photo credit: Jochen Abitz @flickr
This past spring I was compelled to rejoin what one of my former partners had longingly referred to as “civilization.” The process of rejoining the civilized was itself of note in an environment so changed as to be unrecognizable, but I’ll skip that for now. Instead I have some observations on the interesting spot in which I’ve found myself: writing dark pool aware algos from the inside. That is, I’m working for a block trading ‘dark pool’ working on the team that develops their quantitative strategies.
While still within the world of algorithmic trading, this is a substantial change from what I’d been doing before and has proven a rich ground for learning, in particular about market structure. The biggest aspect of the change – besides being civilized – is the change of perspective from the prop trader to, effectively, an execution trader. As a prop trader you are looking to identify and execute trading opportunities. Seeking alpha. Instead, as an execution trader you receive orders and need to execute them with some highly customized sets of constraints. You want to get things done over some time frame with some appropriate balance of aggressiveness and stealth. Liquidity seeking. The ‘what’ has already been decided for you; it’s the ‘how’ you need to worry about. Thus, there’s some loss of ‘agency’ in going from the former role to the latter and this corresponds precisely and inversely with the notion of agency trading.
Going from alpha-seeking to seeking-liquidity is a change of perspective, but the blocking and tackling are constant. In the end, you’re trading – managing orders and positions and deluges of market data and analytics; familiar, fun stuff.
What I’ve found most interesting is the new perspective I’m afforded on market structures.
People have asked me how I go about implementing a strategy in Stratbox. While I’ve illustrated a good number of strategies running in Stratbox in these pages, I’ve never walked through a non-trivial example from conception, through design, implementation and iteration. Today we’ll go through a reasonably complex example in total (I’ll provide source) detail.
The example I’ve chosen is, I think, very nice because it’s a portfolio-oriented strategy, which is pretty much the only kind I care to explore; it’s also based around the concept of pairs trading, which is something which most can easily relate to; and finally, it’s already public domain and yet almost certainly has some juice in it for those who care to understand it and extend it intelligently.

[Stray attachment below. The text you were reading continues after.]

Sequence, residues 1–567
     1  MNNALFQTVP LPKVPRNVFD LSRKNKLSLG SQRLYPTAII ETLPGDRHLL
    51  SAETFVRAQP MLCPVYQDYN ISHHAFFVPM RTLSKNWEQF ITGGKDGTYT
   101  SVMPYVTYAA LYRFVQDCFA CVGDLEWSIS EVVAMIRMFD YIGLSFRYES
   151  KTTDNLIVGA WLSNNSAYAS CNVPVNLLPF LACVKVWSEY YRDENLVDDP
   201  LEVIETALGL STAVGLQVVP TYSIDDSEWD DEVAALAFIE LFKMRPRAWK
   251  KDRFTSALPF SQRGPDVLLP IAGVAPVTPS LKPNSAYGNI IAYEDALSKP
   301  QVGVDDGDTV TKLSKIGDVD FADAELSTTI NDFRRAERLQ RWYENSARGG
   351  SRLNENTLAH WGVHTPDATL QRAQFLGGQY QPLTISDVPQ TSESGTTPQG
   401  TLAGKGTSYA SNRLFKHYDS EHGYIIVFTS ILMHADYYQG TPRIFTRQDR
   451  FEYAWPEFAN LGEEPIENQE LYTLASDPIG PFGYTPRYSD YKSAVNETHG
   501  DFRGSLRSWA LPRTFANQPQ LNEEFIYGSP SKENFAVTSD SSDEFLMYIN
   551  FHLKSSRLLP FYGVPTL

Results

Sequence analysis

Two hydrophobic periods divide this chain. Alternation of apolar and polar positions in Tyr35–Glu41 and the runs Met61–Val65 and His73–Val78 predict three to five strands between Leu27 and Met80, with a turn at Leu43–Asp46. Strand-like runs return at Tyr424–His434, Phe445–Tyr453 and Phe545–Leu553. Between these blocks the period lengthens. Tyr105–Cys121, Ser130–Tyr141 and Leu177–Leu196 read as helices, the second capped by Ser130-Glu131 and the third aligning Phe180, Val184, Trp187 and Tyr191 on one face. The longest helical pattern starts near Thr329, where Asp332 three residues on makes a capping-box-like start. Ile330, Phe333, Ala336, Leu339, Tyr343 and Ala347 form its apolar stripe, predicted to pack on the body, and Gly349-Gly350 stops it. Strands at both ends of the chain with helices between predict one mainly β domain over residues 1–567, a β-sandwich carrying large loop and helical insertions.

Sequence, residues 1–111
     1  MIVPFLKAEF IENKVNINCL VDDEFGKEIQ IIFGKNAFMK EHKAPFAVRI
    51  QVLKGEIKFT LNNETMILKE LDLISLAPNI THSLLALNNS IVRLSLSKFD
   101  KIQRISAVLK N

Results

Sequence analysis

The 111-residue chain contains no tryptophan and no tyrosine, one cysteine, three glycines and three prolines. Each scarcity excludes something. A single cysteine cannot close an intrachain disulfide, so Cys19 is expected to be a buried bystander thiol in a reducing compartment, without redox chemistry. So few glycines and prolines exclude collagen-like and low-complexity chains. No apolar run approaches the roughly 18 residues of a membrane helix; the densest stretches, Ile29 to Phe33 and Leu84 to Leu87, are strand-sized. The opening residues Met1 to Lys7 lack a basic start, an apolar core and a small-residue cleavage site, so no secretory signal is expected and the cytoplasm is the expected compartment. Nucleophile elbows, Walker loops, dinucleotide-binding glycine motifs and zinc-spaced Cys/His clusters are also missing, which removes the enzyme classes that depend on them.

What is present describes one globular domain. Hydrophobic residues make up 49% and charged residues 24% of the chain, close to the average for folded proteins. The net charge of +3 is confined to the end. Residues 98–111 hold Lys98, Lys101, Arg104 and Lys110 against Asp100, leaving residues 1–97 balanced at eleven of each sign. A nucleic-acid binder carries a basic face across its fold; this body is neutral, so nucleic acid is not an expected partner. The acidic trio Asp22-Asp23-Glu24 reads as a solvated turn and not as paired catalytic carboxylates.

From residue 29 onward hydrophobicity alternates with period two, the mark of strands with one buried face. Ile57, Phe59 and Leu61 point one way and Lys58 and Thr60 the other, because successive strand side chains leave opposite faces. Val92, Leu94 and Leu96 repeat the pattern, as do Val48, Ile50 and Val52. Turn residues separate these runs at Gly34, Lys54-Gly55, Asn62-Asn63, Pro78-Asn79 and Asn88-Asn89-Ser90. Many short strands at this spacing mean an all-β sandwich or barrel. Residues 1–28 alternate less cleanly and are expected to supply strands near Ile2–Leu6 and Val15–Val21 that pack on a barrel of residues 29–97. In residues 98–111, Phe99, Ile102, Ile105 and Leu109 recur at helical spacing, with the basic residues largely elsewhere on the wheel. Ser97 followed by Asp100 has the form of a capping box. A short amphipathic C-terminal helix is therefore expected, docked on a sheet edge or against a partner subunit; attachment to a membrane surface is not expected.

The example comes from the blog of a company, Palantir which does (something like?) analytical / decision support software for both finance and intelligence-gathering services (quants and spooks – spooky quants?). The specific example is here and is described thusly:
Today we return to our series on regime switching and the topic of managing portfolios of strategies. In particular, we build on the examples illustrated in sensitivity testing and steppin’ out, in which we showed historical and then real-time ‘forward-walking’ of strategies. The next step we’d described was to evolve the techniques illustrated to support the real-time management of a portfolio of strategies.
In the example below, we look at another ‘meta’ strategy named StrategyPortfolio which maintains a dynamic portfolio – P – of strategies which it will select from a set of strategies – S – running concurrently in simulation. The constituents of P as well as their cash allocations and parameterizations will be rebalanced/adjusted regularly after an initial ‘out-of-sample’ period during which only the S strategies are run.
Apart education, the intention of this strategy, as I’d originally suggested here, is to ‘back-into’ a regime-switching strategy without attempting to directly quantify the regimes explicitly.
This has proved to be even more interesting than I’d expected, not so much because it performs particularly well (though it’s promising), but because of all of the things it has taught us. In particular, the transitions are a killer and there are properties of strategies which (dis-)qualify them from being effective in such a scheme…
We’ve been looking at what we’ve been calling “meta-strategies” – strategies that act upon other strategies – with the goal of implementing something like we’d described in the recent regime-switching post. (Please note that since then I’ve added a category to capture this thread.)